Hospitals are like foreign countries, where the familiar cultural norms don’t apply – or rather, that’s what they are like for patients. Where else would you disclose the most private information to strangers, or allow them to perform intimate – and often painful or unpleasant – procedures on you?
And all this happens while patients are feeling at their most vulnerable – reliant on these strangers to make them well or even save their life.
For the people working there, however, hospitals are home territory full of familiar faces, and the information-gathering and procedures are routine parts of their day.
With the heavy workloads common to all staff groups across the NHS, there are probably few health professionals who can say they have the time they need to provide the standard of care they aspire to.
“During a recent admission for surgery I was struck by the character transformation I went through the moment I stepped onto the ward”
In such situations it’s the ‘soft stuff’ that tends to fall by the wayside as safety becomes the priority – it would be nice to spend five minutes chatting to a patient after conducting observations, but it’s just not possible when others are waiting for your attention for clinical reasons.
Most patients have some understanding of the pressure faced by the NHS and its staff, but that doesn’t stop it from adding to their vulnerability. They may be reticent to ‘bother’ staff for a drink or pain control, or avoid making conversation when staff attend to them so as not to waste their time.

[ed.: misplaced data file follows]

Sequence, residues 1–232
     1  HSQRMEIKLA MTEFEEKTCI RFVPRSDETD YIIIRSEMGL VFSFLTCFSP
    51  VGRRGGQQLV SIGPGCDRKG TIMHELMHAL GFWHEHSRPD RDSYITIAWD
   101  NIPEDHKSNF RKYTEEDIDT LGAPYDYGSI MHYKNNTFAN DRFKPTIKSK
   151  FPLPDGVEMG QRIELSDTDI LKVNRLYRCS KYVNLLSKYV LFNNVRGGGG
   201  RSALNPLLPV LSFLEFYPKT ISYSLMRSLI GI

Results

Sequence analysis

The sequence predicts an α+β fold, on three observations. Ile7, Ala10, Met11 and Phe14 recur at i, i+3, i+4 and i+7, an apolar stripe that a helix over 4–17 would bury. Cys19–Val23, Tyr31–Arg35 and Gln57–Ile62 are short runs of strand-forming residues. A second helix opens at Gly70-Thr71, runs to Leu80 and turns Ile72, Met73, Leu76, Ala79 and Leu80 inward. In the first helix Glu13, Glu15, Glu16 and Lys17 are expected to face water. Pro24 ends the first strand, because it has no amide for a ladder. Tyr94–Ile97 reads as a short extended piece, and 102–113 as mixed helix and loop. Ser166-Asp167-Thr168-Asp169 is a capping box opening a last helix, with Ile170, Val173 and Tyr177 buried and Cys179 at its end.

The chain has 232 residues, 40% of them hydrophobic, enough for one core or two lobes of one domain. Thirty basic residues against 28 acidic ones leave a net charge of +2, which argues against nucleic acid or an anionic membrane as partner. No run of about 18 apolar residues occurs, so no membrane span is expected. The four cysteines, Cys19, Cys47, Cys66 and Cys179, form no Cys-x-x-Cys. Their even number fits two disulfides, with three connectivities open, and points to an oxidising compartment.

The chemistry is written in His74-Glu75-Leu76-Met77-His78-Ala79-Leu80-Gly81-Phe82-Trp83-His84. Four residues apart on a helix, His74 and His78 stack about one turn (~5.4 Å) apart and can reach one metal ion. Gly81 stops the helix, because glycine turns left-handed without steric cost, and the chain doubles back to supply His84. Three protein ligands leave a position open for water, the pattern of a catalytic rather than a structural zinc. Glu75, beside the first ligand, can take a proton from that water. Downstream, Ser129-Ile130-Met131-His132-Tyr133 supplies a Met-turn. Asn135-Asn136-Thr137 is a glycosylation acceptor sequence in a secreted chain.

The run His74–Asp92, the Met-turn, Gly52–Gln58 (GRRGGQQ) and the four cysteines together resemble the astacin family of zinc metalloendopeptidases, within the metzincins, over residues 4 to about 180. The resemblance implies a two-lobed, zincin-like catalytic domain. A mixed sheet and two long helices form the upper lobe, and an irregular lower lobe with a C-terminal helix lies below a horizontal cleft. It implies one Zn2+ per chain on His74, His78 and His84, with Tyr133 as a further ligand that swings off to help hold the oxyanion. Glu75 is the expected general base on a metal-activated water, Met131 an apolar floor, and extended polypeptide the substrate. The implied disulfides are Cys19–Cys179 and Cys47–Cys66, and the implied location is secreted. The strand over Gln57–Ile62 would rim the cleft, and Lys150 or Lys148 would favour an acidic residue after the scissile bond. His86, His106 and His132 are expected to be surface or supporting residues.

During a recent admission for surgery I was struck by the character transformation I went through the moment I stepped onto the ward. I’m not known as a shrinking violet, but once admitted I became passive, acquiescent and eager to please staff by being a ‘good’ patient.
“The person who had the greatest impact on my experience of care was the late Kate Granger”
The clinical care I received was faultless, and although busy, the nurses and other staff were all friendly and compassionate.
But the person who had the greatest impact on my experience of care was the late Kate Granger, who in 2013 set up the #hellomynameis campaign to encourage staff to introduce themselves to patients.
Every time a member of staff came to my bedside they introduced themselves, and it really did make an enormous difference. Even though they didn’t have time to stop and chat, it was a simple acknowledgement that I was a person, not just an arm to take blood from or an ear to stick a thermometer in.
“If you haven’t adopted the #hellomynameis habit yet, how about making it your new year’s resolution?”
Staff and funding shortages aren’t going away any time soon, so health professionals have to focus on what keeps patients safe and gets them better. But staff introducing themselves helps patients to feel like they are still in a familiar land.
They may let people they’ve never met do things that would have them calling the police under any other circumstances, but once you’ve been introduced you aren’t quite strangers, so it feels a little less unnatural.
What a gloriously simple idea – and what a legacy to leave behind. It takes no extra time and doesn’t cost a penny, but it gives patients back a little of the humanity and individuality that can be lost when they enter the ward. We all owe Ms Granger a debt of gratitude.
If you haven’t adopted the #hellomynameis habit yet, how about making it your new year’s resolution? Your patients will appreciate it, and it’s an easy one to keep!